Yesterday, I saw my first dead body. As I travelled back from Oxford to London, I passed a car that had flipped over and caught fire. By the time my bus passed it, the flames were perhaps thirty feet high, and there were paramedics at the side of the road, trying to deal with at least two people. I later found out that these people were pronounced dead on the scene. And that scene horrified me.
At the tender age of 23 then, I have seen my first violent death, a death where the life force has been unfairly ripped from an unsuspecting body and spilled all over the tarmac. That got me thinking, isn’t that an incredible thing to be able to say? Compare my story with the Syrian child who at 10 years of age has seen his whole family torn apart, the man from Sierra Leone who has watched his community ravaged by Ebola, or the Ukrainian woman whose house has been destroyed by shelling by pro-Russian forces. To them, my plight would surely seem a trivial matter.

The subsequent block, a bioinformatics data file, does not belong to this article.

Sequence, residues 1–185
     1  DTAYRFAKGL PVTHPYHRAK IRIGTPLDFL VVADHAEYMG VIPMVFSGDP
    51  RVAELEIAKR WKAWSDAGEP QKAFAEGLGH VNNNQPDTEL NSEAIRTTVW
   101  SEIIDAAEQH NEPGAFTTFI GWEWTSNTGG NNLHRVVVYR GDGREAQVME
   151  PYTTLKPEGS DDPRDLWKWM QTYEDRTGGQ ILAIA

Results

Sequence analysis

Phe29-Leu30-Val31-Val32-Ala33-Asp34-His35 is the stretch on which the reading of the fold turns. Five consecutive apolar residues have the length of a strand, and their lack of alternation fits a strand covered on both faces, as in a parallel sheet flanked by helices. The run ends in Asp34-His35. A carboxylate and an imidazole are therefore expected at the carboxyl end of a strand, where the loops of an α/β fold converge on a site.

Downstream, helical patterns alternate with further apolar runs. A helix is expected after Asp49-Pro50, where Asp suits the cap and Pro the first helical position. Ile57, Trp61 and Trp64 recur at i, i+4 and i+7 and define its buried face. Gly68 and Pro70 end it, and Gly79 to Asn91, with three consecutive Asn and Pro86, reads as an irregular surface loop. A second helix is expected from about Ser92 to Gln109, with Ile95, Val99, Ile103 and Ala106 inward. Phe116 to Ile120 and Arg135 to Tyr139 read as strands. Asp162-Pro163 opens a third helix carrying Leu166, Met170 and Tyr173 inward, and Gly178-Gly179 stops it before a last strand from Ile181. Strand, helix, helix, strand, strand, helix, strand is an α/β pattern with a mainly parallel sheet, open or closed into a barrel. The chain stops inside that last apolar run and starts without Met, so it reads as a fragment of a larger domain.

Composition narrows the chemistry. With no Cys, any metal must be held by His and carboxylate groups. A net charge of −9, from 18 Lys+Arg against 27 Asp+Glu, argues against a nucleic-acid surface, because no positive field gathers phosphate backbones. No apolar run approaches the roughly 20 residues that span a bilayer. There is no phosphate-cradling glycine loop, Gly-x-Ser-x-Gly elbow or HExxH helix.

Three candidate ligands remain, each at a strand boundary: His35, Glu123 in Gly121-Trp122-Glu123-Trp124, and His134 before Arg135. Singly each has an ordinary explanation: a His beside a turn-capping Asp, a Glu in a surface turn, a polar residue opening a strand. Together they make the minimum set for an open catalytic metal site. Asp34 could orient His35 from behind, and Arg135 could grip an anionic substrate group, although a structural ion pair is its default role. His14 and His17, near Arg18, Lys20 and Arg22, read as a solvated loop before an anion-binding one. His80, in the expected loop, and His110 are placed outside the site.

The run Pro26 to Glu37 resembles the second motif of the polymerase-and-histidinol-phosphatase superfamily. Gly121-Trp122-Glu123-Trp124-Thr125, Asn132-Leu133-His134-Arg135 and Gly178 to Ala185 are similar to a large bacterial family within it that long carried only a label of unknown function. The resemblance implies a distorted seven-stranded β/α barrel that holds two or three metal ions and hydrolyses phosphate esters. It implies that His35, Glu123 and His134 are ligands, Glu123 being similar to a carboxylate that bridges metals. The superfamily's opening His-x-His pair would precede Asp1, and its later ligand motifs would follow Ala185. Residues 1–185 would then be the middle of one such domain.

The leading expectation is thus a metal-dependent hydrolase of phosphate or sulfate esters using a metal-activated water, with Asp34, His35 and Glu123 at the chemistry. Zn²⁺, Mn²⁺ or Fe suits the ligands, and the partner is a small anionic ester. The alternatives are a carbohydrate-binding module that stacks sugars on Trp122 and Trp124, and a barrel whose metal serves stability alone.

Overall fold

In this country we are fortunate in that we don’t have to experience these horrors very often, and they are still shocking when they do occur. It is all too easy to become wrapped up in your own difficulties, in the struggles of your own country and this shocking scene served as a reminder to me that I must not forget the trials that others go through, the terrible violence that some must face and deal with every day.
Today, I am a citizen of the world and I am reminded that some of my fellow citizens show an inner strength every day that I cannot even begin to imagine. The conditions that some have to live in are truly worthy of our respect and admiration, and I can only hope that one day the world will be such that people who haven’t seen a dead body by the age of 23 will be in a very, very large majority. If that can be achieved, and it still remains a big if, then the world will be a much better place. It is easy to forget in the comfort of your own country, but forget we must not. In an increasingly globalised world, any humanitarian struggle is my struggle, and the least I can do is be mindful of how fortunate I am to have been so sheltered.